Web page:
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Jan 02, 2017 02:36PM ● By Michael Harris

As we celebrate the New Year and I approach a milestone birthday (50?), I realize more than ever that "getting old ain’t for sissies." It requires courage, grace, grit, persistence, and optimism to fight off the "inconveniences" of aging.


My body certainly isn't what it was 30 years ago. The aging process has not been kind to me. There isn't a single part of my body that hasn't been affected. From the bottom up, I have bunions, back pain, bursitis, and baldness. (And those are just a few of my maladies that begin with "B." I won't bore you with the rest of my “alphabet soup” of ailments.) Fortunately, there are several recent books that have helped me come to grips with the aging process.


Michael Kinsley’s Old Age: A Beginner's Guide is just that: a handy guide on what we're in for as our bodies start to fail us. It's  "irreverent, wise, and laugh-out-loud funny about living long enough for your organs to start to betray you." Kinsley, who has Parkinson's disease, and thus, has started the aging process earlier than most, answers the questions all baby boomers are likely to face if they live long enough.


For example, "Is being alive all that desirable if you're alive only in the technical sense?” Baby boomers are a competitive group. Since one in three boomers will develop dementia, the competition may not be about longevity but about dying before you “lose your marbles."


In the end, all you’ve got is "how you will be remembered after you die." When you die, "all that will be left of you is people's memory of you, which is to say, your reputation." If you want to be remembered as a good person, try to be one now. As a wise person once said, "live your life like you’re going to die tomorrow,” because, unfortunately, one day that will be true. Will boomers be remembered as worthy successors to "the greatest generation?" Only time will tell, but I hope so.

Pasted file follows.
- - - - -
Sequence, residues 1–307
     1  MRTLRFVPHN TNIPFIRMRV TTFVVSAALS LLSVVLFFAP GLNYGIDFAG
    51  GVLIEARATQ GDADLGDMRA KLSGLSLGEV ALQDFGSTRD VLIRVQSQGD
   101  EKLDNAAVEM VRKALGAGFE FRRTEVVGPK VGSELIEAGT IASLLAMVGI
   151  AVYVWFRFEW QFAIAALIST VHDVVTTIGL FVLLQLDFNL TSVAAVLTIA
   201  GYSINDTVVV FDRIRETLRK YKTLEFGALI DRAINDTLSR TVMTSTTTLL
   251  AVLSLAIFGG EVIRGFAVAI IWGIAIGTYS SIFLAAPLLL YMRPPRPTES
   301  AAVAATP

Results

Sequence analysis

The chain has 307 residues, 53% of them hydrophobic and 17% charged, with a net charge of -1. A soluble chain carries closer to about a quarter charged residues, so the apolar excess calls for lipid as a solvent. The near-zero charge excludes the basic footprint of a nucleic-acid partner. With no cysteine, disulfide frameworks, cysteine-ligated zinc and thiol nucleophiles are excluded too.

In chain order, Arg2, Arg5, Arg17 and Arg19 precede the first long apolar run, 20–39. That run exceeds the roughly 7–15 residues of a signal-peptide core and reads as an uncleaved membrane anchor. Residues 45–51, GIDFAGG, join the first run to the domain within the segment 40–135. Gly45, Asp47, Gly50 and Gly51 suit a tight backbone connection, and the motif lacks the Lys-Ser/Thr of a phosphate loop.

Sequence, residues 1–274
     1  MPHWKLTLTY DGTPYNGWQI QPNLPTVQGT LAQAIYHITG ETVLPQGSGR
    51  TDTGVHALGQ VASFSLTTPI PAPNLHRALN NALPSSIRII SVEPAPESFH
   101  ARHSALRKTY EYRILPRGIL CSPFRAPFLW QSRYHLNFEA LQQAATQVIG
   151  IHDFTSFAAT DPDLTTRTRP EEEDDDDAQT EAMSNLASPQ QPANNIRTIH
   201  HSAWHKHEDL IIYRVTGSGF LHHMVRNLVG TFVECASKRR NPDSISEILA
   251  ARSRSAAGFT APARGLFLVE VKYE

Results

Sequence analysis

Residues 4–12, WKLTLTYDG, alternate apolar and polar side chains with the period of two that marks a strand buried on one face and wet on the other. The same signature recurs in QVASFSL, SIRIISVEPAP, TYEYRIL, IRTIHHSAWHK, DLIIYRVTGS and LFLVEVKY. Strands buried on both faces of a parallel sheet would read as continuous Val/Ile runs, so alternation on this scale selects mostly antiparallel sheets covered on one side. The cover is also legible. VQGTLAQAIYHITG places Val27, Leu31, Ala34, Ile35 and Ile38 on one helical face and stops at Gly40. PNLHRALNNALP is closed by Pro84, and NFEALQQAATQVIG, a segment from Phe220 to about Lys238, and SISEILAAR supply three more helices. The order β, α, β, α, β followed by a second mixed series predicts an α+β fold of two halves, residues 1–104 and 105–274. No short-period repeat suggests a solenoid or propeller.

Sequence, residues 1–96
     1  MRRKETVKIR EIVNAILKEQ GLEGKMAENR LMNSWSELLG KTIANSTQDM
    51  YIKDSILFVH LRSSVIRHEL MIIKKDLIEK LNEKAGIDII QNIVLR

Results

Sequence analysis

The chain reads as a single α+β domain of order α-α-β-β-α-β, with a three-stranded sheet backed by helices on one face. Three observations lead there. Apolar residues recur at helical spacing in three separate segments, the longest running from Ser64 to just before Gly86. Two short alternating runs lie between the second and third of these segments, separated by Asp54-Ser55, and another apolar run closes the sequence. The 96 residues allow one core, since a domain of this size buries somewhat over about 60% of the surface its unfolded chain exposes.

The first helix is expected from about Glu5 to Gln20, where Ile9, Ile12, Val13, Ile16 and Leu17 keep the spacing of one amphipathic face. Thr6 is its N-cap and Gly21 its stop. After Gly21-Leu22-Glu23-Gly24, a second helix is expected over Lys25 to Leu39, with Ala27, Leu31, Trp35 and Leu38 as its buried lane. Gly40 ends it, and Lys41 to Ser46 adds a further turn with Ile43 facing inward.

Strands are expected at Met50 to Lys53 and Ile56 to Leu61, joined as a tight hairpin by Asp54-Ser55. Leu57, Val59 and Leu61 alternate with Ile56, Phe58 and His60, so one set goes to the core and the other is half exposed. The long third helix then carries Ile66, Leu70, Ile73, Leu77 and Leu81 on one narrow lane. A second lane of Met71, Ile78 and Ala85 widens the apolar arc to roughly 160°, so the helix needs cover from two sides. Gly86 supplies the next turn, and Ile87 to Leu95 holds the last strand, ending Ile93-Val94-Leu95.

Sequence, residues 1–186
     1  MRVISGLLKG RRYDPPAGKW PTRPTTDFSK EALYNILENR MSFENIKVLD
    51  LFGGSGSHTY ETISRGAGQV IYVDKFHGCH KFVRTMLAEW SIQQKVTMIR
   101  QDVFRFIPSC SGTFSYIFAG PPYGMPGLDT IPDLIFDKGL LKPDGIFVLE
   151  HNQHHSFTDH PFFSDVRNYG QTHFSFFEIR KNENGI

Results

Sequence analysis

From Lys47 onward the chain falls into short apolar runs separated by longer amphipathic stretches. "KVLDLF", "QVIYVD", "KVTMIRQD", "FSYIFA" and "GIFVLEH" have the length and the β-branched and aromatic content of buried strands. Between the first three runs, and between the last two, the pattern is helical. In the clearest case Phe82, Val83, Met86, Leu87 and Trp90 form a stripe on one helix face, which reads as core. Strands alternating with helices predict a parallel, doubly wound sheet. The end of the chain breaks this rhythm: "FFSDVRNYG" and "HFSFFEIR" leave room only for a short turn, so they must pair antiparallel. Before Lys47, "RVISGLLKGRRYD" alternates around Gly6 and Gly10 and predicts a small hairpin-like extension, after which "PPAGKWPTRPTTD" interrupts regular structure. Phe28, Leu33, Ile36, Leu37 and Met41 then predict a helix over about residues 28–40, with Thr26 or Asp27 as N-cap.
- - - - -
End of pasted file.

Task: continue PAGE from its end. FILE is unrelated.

In Being Mortal: Medicine and What Matters in the End, Atul Gawande uses the example of his father, a trusted surgeon suffering from a debilitating tumor, to explore "how the elderly can live better with age-related frailty, serious illness and approaching death." What is the role of nursing homes, assisted living, and hospice for the frail elderly? While these types of facilities may keep the elderly safe and comfortable, are they really "assisting people to live?" Regardless of age or physical condition, people still want to have a sense of independence.


They want and need to be an integral part of the decision-making process regarding their care, how they live, and even how they die. After all, it's important to remember, “The ultimate goal is not a good death but a good life – all the way to the very end."


Perhaps no one found a better way to lead a good life fully lived than "the poet laureate of medicine” Oliver Sacks. Shortly after he learned that his cancer diagnosis was terminal, Sacks wrote Gratitude, a remarkable series of essays in which he "counts his blessings upon learning he's face-to-face with dying." He doesn’t focus on his illness and impending death but rather on "what is meant by living a good and worthwhile life, achieving a sense of peace within oneself.” Above all, he “loved and was loved.”


Yes, getting old may not be easy, but this book is a precious gift to all of us who struggle to find meaning in our lives or a way to cope with the challenges of aging.